The Parkway downtown runs from one end of town to the other and most of it is home to restaurants, local shops, and attractions that stimulate the mind and other senses. Hey, and the Riverwalk is FREE. You don’t need a pass and it doesn’t require an entrance fee, or ask you to purchase something. It’s simply one of the best free things to do in Gatlinburg. The Riverwalk follows the Little Pigeon River as it snakes its way through Gatlinburg, with gazebos and benches found at various points along the way.

Celebrate Junior Ranger Day Saturday in the Smokies

The Great Smoky Mountains National Park is getting ready to celebrate National Junior Ranger Day with special activities at all three visitor centers.

Children can earn a free Junior Ranger patch by completing three of the specially planned activities. They include ranger guided walks, historic toy making, a talk with a wildland firefighter, a blacksmith shop demonstration and touch tables with animal skins and skulls.

Activities take place from 10 am to 2 pm Saturday, April 27 at Sugarlands Visitor Center near Gatlinburg, Cades Cove Visitor Center near Townsend and Oconaluftee Visitor Center near Cherokee, NC. Contact Lloyd Luketin at 865-436-1292 for additional information on Junior Ranger Day.

“National Junior Ranger Day provides a great opportunity for children and families to spend time together learning about the Park while doing fun activities,” said Park Superintendent Dale Ditmanson. “We hope that our local residents will take advantage of this program to interact with our staff and the resources, and, at the same time, plan a full day in the Park.”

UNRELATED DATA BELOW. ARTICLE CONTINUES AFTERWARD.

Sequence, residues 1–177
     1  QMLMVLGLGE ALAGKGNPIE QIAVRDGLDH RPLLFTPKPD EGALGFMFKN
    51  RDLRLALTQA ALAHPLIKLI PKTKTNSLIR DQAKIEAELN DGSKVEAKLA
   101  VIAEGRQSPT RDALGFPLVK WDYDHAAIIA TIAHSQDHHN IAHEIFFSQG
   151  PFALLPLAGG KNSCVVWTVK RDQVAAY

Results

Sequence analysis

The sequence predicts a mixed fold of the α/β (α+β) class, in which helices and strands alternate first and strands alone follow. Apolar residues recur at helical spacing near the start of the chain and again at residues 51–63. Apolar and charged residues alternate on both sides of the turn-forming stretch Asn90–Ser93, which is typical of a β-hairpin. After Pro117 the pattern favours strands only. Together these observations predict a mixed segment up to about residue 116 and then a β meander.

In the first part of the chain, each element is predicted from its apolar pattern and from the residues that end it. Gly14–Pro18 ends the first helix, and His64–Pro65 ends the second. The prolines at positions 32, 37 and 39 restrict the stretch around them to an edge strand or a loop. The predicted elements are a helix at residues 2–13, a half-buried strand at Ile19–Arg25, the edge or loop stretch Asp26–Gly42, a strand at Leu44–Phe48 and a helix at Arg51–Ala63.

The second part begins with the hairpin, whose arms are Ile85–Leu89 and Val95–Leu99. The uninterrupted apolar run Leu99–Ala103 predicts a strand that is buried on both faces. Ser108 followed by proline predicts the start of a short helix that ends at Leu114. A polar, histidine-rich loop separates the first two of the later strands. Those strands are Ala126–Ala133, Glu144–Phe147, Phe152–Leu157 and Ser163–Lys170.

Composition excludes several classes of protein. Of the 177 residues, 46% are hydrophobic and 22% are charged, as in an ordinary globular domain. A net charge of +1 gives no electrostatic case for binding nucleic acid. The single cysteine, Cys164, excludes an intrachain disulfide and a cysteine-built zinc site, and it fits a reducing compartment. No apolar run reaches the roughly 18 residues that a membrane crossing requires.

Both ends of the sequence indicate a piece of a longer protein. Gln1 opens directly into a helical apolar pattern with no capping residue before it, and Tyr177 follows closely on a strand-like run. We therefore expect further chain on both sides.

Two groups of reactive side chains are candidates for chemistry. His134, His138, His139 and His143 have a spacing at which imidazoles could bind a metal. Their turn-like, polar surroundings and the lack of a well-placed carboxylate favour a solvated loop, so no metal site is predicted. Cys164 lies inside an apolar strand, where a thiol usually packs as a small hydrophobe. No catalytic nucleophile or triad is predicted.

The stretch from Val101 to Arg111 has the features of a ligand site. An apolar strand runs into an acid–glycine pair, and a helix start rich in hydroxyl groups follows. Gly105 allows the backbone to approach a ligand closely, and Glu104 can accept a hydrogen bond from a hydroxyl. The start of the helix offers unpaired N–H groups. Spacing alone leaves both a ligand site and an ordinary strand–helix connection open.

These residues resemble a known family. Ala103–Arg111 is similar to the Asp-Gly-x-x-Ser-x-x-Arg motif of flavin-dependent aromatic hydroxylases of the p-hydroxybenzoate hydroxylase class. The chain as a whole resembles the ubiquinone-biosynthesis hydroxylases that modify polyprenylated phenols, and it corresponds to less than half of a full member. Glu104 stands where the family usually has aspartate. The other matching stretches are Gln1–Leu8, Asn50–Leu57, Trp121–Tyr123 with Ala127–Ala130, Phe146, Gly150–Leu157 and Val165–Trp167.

Sugarlands will also host a National Park Career Day for middle and high school students who will get a behind-the-scenes look into the careers of the National Park Service.

Students will get a “behind the scenes” look into the careers of the National Park Service. Employees will be demonstrating their jobs with hands-on activities while providing insight for those interested in these types of future careers.

For information and questions about High School Career Day, please contact Emily Guss at 865-736-1713.

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Rocky Top Sports World to Target Sports Tourism in Gatlinburg

Around this time next year Sevier County will be planning a summer grand opening for a brand new sports complex.

Titled Rocky Top Sports World, the facility is currently under construction in Gatlinburg and will be open by next June. In all, it will be home to 80 acres of sports fields including a football field for Gatlinburg Pittman High School, as well as for a host of tournaments.

Upon completion of Rocky Top Sports World, seven state-of-the-art synthetic turf fields, six basketball and 12 volleyball courts, plus several championship fields and courts will adorn an 80-acre area

Tuesday morning, leaders from Sevier County and the City of Gatlinburg came together to announce the project and talk about long term economic goals.

Within the first five years of being open, the total economic impact on the area is expected to be $100 million dollars, with more than 400,000 visitors.

Gatlinburg is excited about the added bonus of sports tourism.

“It’s the only industry that actually grew during the recession, so when we began to learn and realize this, we knew it was an opportunity for us to bring in new folks to the area and again not just about Gatlinburg, but the whole of the county,” said Cindy Cameron Ogle, Gatlinburg City Manager

The target date for the grand opening is in June 2014.